Mepham Hazing: entering that slippery slope of morality
[See extended entry for links to all the previous coverage of this story. This is another long one, but worth reading (I think) for the latest developments. Basically, that Bellmore is one town that is serious lacking in the moral development department.]
I thought that after a while the media coverage would die down. I thought that things would return as close to normal as possible and the Mepham hazing would become another page 12 story, past headlines forgotten.
I was wrong, and I'm glad I was wrong. I'm happy to see that - especially after last night's stomach-turning performance at the school board meeting - the national media is still covering this story.
Let's deal with this story in two parts today.
First, let's deal with the good news:
Pennsylvania State Police Wednesday night recommended filing nine juvenile charges each against three Mepham High School varsity football players accused of sexually abusing three younger teammates at a training camp near Scranton, Pa., in August.
The nine charges are:
* Aggravated Assault
* Simple Assault
* Reckless Endangering of Another Person
* Unlawful Restraint
* Criminal Coercion
* Involuntary Deviate Sexual Intercourse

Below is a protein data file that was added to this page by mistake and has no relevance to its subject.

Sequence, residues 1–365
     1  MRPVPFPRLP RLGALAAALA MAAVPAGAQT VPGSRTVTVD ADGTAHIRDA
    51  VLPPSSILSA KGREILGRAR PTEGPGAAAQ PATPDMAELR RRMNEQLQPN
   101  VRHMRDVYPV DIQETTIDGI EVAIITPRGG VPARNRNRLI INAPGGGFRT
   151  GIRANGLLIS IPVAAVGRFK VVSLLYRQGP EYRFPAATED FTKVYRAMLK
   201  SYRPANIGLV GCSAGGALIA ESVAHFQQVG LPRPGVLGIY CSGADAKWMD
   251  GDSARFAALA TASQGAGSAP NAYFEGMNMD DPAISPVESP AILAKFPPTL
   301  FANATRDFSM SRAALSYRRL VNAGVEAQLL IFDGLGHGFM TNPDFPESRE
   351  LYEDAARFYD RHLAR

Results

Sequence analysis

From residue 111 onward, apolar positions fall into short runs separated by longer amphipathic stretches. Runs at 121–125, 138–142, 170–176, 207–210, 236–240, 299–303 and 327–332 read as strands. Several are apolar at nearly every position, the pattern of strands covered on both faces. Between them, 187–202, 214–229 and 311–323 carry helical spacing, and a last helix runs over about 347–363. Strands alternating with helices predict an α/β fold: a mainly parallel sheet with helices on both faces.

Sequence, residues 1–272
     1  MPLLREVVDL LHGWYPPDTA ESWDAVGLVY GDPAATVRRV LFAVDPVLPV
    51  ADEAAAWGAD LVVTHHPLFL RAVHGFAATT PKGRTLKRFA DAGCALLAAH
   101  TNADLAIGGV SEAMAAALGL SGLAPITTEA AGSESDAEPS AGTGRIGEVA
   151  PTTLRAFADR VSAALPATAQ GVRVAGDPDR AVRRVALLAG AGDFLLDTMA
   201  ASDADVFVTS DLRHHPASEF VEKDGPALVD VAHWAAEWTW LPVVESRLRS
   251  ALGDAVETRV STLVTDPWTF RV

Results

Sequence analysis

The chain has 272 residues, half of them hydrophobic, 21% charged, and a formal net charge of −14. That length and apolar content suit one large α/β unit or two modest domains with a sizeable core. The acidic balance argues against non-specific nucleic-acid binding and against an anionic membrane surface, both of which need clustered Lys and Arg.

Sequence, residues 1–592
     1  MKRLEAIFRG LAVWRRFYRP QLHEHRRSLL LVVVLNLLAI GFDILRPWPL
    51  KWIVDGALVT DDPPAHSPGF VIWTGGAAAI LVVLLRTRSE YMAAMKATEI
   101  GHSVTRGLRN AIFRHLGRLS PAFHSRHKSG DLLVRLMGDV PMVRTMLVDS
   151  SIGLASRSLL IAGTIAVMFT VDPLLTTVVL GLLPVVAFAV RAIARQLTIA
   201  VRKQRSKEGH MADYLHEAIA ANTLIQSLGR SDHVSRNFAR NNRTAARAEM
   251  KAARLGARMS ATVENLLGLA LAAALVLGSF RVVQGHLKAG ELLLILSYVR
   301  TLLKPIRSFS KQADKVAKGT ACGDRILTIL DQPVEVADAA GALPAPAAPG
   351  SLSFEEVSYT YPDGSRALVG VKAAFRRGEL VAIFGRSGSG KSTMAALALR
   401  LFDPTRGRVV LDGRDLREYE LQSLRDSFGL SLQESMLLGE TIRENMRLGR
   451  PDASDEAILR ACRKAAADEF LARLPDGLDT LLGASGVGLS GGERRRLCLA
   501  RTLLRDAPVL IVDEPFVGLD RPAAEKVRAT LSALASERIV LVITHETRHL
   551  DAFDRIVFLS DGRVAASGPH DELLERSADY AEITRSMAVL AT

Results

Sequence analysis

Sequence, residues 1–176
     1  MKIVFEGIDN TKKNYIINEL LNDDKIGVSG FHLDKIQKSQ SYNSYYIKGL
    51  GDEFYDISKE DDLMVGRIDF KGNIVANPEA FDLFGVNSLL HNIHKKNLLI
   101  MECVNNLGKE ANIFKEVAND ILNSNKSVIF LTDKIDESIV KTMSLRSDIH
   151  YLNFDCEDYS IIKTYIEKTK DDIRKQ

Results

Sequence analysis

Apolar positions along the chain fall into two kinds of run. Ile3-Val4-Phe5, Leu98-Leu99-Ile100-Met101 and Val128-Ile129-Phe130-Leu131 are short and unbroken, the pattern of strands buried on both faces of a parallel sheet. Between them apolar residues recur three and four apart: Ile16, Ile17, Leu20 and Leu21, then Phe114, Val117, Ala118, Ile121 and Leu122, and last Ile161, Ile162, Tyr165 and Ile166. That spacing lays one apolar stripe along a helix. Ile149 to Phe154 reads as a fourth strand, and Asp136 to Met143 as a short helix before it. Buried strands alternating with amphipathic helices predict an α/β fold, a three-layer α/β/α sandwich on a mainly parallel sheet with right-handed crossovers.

* Aggravated Indecent Assault
* Criminal Conspiracy to all the above crimes
If you've been keeping up with this story, you know already what went on that night. Or do you?
"These acts involved the use of threats, beatings and then sexual assaults, which included the use of foreign objects with mineral ice on them," state police said.
The mineral ice was not mentioned before this. It may seem trivial at this point, but it's not. It brings the abuse up a level. Let's call it torture.
One of the accused players is a 17-year-old senior, the other two are juniors, both who are now 16.
Players and other sources say the senior is considered a leader on the team who hoped to use his football skills as an offensive/defensive tackle to earn a college scholarship. He is a Boy Scout and his family is active in the Theodore Roosevelt Boy Scout Council.